Quilmes, Argentina. Emerging from her academic training, the documentary “Bakaiku, unica casa,” by Argentine Maru Roson, is an intimate story of family history, in which the young director tells about the arrival of her great-grandfather, Luciano Urrestarazu, a native of Bakaiku, in the south American country, and her return to his hometown, to get to know the Basque legacy in person, that came to her from her father.
The documentary is a trip that begins in Buenos Aires and jumps the Atlantic to dive deep into Navarre, where Roson, the director and protagonist of “Bakaiku, unica casa,’ was able to delve not only into the family bond, but also into the traditions and customs of the people and how they have been maintained even from a great distance.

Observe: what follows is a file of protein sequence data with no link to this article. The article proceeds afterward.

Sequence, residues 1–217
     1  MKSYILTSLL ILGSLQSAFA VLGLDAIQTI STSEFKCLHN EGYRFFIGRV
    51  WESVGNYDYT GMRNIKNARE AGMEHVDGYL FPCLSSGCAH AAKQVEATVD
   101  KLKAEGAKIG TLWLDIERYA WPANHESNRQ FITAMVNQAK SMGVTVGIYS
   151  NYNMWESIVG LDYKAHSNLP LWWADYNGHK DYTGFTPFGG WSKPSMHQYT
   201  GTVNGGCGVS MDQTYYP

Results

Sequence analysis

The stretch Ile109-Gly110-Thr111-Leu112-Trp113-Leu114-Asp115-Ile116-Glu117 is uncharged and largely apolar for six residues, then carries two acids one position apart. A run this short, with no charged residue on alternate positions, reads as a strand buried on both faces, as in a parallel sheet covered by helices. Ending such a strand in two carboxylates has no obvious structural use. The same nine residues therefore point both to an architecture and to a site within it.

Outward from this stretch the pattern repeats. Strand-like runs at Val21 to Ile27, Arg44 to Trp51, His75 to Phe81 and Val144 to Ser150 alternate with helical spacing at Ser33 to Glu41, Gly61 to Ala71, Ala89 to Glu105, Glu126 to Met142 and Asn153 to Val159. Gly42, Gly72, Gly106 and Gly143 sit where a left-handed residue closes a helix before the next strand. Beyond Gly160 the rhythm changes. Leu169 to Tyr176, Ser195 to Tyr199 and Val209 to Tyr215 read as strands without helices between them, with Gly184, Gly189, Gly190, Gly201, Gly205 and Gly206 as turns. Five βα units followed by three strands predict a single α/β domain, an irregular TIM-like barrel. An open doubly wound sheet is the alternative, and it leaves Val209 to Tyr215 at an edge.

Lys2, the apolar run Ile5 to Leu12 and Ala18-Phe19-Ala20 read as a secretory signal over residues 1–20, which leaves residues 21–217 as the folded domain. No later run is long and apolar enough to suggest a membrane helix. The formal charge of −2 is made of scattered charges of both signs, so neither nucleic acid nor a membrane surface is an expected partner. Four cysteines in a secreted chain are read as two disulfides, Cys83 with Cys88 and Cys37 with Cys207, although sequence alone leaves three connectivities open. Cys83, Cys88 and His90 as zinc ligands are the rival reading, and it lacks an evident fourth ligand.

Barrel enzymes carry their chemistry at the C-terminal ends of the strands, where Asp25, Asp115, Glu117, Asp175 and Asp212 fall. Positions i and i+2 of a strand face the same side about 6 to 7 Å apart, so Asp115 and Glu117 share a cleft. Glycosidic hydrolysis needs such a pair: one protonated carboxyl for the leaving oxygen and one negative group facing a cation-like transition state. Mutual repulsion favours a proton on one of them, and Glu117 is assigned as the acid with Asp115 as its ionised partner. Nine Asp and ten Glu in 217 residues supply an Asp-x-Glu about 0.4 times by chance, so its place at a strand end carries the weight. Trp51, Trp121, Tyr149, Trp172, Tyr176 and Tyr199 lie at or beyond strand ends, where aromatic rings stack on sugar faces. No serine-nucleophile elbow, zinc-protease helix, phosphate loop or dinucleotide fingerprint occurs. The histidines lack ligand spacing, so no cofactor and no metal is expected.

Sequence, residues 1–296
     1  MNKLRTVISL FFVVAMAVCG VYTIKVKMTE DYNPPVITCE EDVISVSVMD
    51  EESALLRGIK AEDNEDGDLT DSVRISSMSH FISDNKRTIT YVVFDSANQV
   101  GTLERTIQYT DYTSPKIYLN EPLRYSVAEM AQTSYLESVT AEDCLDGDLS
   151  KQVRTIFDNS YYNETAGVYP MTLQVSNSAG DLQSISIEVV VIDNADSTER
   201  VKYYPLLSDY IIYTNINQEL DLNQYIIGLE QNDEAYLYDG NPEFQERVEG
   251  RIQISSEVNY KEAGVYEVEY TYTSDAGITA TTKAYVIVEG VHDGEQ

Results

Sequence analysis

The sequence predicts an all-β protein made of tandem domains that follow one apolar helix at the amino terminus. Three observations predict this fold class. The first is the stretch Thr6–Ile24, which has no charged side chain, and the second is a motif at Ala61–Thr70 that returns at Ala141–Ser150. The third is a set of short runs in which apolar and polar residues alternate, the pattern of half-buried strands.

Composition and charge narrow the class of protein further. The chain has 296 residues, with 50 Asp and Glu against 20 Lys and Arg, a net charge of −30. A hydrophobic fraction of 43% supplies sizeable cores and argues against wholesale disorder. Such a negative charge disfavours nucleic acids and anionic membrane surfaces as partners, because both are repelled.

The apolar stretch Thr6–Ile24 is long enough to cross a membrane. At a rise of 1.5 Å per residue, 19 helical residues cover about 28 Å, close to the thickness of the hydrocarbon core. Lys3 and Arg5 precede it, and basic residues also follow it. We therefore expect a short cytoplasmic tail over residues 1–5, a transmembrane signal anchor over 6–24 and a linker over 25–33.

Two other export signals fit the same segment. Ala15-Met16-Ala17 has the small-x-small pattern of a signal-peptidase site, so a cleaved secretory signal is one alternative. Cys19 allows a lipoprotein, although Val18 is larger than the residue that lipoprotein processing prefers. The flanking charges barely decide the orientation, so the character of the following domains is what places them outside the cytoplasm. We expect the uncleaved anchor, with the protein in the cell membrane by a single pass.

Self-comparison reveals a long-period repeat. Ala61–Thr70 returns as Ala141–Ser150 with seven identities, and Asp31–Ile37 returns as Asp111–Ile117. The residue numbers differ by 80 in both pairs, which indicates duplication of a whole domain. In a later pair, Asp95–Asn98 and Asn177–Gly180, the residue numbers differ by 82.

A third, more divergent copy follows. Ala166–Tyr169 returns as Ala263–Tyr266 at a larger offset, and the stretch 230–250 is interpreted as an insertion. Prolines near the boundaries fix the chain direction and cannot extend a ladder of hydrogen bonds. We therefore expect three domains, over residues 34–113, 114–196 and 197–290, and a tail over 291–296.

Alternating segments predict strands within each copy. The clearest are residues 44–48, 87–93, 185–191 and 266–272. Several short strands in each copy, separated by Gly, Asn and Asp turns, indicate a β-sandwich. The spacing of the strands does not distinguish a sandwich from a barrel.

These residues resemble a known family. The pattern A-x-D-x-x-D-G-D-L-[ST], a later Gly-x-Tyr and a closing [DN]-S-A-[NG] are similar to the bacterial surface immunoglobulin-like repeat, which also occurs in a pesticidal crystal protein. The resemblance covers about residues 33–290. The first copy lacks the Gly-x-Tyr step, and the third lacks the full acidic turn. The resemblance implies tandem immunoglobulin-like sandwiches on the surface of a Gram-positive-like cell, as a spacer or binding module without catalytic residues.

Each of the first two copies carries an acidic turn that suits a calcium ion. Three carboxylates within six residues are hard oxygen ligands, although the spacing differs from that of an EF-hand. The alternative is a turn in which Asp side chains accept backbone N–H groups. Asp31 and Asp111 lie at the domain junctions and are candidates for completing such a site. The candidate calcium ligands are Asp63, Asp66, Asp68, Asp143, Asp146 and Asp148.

Maru Roson presented the documentary in July as the final project in her Audiovisual Technique degree at the National University of Quilmes. Shortly after presenting it, and after finishing her degree, it was screened in the Navarrese town, at a function organized by Bakaiku.info in the local Eskolen Parkea.
The young woman from Quilmes confesses that "I have heard about the history of the Basques in Argentina since I was born. The stories of my father and my grandmother, the trips between Navarre and Buenos Aires have marked where I am.” That is why this research into the relationship between the Basque Country and the Diaspora through family history surely does not end here. In fact, as part of the same project, “Bakaiku, unica casa,” will also be a book that the author will start working on shortly.
This is the documentary
Script and direction of “‘Bakaiku, única casa” by María Eugenia Roson. The project also enjoyed the collaboration of Carlos Castro as Director of the TIF, and of Pablo Landaburu, as Co-director of the TIF.